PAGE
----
Making the Editor’s Cut by Nanette Littlestone
History (to me) is dry, tedious, and complicated. Who can remember all those names, dates, and places? And who cares? But historical research for a book I’m writing—now that’s different. Suddenly those names, dates, and places have meaning. They involve my characters.
The Sacred Flame is a story of love and betrayal set in ancient Rome in 216 BC. The main characters include a Vestal Virgin and an Equestrian commander. Who were the Vestal Virgins and Equestrians? What were the levels of government? What did the average house look like? What kind of food did they eat? What clothes did they wear? How did they get around the city? In short, I needed to find out anything and everything that dealt with daily life in Rome.
The common language for that time was Latin. Many of the words of that era have stayed intact: atrium, centurion, praetor. Citizens walked down the Via Sacra and along the Via Appia (the Appian Way). They shopped in the Forum Romanum and Forum Holitorium (vegetable market). They rode in carpentums (a two-horse open carriage). And they ate a special pastry called placenta (made from cheese, egg, and flour, topped with honey, and similar to baklava).
These are just a few of the facts I discovered through research. Sometimes the work was fun. Sometimes it was frustrating. Looking for “food in ancient Rome” brought up more information than I could ever wade through. Narrowing that search to “cherries” produced several hours of reading conflicting reports.
One source of information is usually not enough. History reports details tinged with the reporter’s bias, prejudice, and/or emotions. How much is actual fact is difficult to tell. Often there is a common consensus around battles, presidents, even the myths and legends. But if you’re researching a lesser known subject, the details may be more muddied. Determining the Vestal’s hairstyle led me to a fascinating debate. Some scholars purport that the Vestals cut their hair and kept it short throughout their service (according to statues of Vestals in the Uffizi). Other scholars maintain that the Vestals wore their hair in the sex crines or bridal style: divided into six parts and wound on top of the head. I preferred my character with long hair and adopted the bridal style for my story. You may make similar choices with your own book.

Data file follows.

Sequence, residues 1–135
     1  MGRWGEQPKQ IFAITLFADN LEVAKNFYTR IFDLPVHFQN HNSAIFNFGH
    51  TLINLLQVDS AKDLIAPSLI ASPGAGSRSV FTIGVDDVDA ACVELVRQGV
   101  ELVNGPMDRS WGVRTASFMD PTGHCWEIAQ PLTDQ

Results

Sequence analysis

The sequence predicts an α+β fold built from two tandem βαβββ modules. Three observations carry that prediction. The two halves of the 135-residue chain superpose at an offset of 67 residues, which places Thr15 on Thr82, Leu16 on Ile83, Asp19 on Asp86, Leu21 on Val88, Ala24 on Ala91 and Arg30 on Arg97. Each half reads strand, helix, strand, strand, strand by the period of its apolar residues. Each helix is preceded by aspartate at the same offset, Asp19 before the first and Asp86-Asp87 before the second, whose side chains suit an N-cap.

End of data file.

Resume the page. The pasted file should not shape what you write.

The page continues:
The web is a warehouse of wonder at your fingerprints. If you can’t find what you need on Google (or elsewhere), try looking in Google Books. I found a marvelous book on Vestal Virgins which turned out to be a doctoral thesis. Then I ordered a used copy through Amazon for a very reasonable price. The Online Etymology Dictionary is a great source for word history and easy to use. And don’t forget your library system. If your library doesn’t have what you want in stock, perhaps another branch does. Or use an interlibrary loan to bring a volume from a university library right to you.
One last note. Beware of Wikipedia. I use it often, it’s easy to read, but the information is not 100% trustworthy. Anyone can upload text and people don’t always check their facts.
History is fascinating. Research can be too. Readers love gleaning new ideas and bits of other cultures, other times, other places. The facts you find will make your story come alive.